2. the approval of the government for transfer to a country or organisation that is approved or judged “adequate”, where the transfer would not affect the enforcement of laws. For transfers in accordance with an adequacy decision, sensitive personal data cannot be shared with a foreign government or agency unless approved by the government; or
    3. an approval from the Authority (where such approval is provided in consultation with the government).
  2. Critical personal data may only be transferred outside India if such transfer is to a:
    1. person or entity(s) engaged in health or emergency services or purposes; or
    2. country or an entity approved by the government with respect to security and strategic interest of the State.
  1. Data Localisation:
  1. A copy of all sensitive personal data must be stored in India.
  2. Critical personal data may only be processed in India.
Key Divergences from the PDPB
Under the PDPB, one of the grounds for cross-border transfers of sensitive personal data was reliance on an intra-group contract or scheme approved by the Authority. Under the Bill, such approval will require the Authority to consult with the government, and such contract or scheme will not be approved if it is against “public or state policy” – that is, an act that promotes the breach of any law, is not in consonance with public policy or state policy, or has a tendency to harm the State or citizens.
Sensitive personal data that is transferred on the basis of an adequacy decision cannot be shared with a foreign government or authority without the government’s prior approval.


The Bill prescribes varying penalties.

Nature of Offence Maximum Penalties
A data fiduciary’s failure to comply with its security and transparency obligations The government has the right to prescribe penalties, but such penalties cannot exceed the higher of INR 15,00,00,00 or 4% of a data fiduciary’s worldwide turnover in the preceding year (or the higher of INR 5,00,00,00 or 2% of a data fiduciary’s worldwide turnover in the preceding year, depending on the nature of the offence).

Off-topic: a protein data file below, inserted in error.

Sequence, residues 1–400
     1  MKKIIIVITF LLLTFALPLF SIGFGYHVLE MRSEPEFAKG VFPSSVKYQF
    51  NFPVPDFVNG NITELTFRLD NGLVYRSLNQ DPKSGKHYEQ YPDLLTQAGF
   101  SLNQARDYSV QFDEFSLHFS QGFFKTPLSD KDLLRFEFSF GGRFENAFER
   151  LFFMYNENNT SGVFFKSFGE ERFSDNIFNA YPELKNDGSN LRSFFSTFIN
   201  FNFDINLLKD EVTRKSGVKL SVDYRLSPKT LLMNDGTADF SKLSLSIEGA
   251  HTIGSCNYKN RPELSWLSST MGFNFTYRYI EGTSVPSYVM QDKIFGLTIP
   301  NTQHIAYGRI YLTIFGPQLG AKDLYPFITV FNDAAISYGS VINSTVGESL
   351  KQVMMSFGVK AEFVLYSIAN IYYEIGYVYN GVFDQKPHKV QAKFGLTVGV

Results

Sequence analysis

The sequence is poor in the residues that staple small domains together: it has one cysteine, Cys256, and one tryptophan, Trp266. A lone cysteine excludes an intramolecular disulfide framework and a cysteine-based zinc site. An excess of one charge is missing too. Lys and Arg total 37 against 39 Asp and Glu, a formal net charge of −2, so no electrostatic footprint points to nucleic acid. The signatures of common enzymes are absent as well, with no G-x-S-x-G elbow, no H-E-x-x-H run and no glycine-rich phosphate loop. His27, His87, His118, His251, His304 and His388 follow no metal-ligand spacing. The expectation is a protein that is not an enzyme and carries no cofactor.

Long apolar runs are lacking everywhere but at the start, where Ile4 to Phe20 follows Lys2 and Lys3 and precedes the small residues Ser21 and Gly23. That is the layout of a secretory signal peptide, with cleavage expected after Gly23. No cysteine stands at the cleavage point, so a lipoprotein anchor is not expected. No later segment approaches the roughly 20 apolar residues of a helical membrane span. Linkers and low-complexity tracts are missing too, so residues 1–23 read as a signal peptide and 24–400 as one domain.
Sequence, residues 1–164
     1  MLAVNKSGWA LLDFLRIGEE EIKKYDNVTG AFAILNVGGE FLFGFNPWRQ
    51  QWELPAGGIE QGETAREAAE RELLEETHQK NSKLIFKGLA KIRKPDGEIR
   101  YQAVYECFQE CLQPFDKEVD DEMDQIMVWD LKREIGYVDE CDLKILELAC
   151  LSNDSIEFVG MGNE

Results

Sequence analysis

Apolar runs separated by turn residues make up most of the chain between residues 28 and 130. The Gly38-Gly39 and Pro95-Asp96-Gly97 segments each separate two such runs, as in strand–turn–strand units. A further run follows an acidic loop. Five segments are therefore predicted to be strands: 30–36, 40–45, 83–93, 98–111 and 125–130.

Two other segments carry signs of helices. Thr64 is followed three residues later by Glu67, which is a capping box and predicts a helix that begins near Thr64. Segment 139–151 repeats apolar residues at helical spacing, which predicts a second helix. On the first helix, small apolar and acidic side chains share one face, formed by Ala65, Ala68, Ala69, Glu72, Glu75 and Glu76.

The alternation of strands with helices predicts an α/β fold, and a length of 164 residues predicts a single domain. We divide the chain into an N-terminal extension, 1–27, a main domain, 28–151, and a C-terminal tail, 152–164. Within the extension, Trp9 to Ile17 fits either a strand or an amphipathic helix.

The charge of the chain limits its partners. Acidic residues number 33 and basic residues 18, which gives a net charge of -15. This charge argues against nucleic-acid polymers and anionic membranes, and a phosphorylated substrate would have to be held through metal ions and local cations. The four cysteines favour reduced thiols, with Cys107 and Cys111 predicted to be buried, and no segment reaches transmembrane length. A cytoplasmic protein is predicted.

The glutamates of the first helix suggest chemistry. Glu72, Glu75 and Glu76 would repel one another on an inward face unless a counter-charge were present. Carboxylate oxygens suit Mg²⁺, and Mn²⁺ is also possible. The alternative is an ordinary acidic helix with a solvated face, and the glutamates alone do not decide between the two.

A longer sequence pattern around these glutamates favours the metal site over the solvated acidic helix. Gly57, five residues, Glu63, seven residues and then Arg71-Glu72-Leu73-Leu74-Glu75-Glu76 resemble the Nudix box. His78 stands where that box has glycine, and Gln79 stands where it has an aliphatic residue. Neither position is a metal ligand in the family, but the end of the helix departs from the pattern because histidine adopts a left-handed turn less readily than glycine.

A failure to comply with data principals’ requests in respect of data principals’ rights Significant data fiduciaries: INR 10,00,000

Data fiduciaries: INR 5,00,000

Failure to furnish reports and information to the Authority Significant data fiduciaries: INR 20,00,000

Data fiduciaries: INR 5,00,000

Failure to comply with orders or directions of the Authority Data fiduciaries: INR 2,00,00,000

Data processors: INR 50,00,000

Reidentification and processing of de-identified personal data without the consent of a data fiduciary or data processor Both, imprisonment of up to 3 years and a fine which may extend to INR 2,00,000
Offences for which specific penalties have not been provided Significant data fiduciaries: INR 1,00,00,000

Data fiduciaries and data processors: INR 25,00,000



Mathew is the Head of the Technology, Media & Telecommunications practice group at Spice Route Legal, and is recognised as a leading Indian lawyer by several national and international directories. With close to two decades of experience, he advises on a variety of cross-border corporate and commercial transactions, including in relation to investments, fund-formation, technology laws, data privacy, intellectual property, commercial and regulatory compliance, tech law disputes, and risk mitigation strategy.


Aadya is a senior associate with the firm’s Technology, Media and Telecommunications practice group, with a special focus on, and extensive experience in, handling data protection, cybersecurity and privacy mandates. Recognised as a Rising Star by The Legal500 in 2020, Aadya regularly works with domestic and international market leaders in industries, ranging from financial services, and blockchain, to telecommunications, consumer retail, and emerging technologies.


Shambhavi is an associate with the firm’s Data Protection, Privacy and Cybersecurity practice, within the broader TMT Practice Group. She assists clients with structuring their data protection practices, procedures and policies to demonstrate compliance with applicable laws, and advises on a range of issues including risk mitigation, international data transfers, and data breach response and management.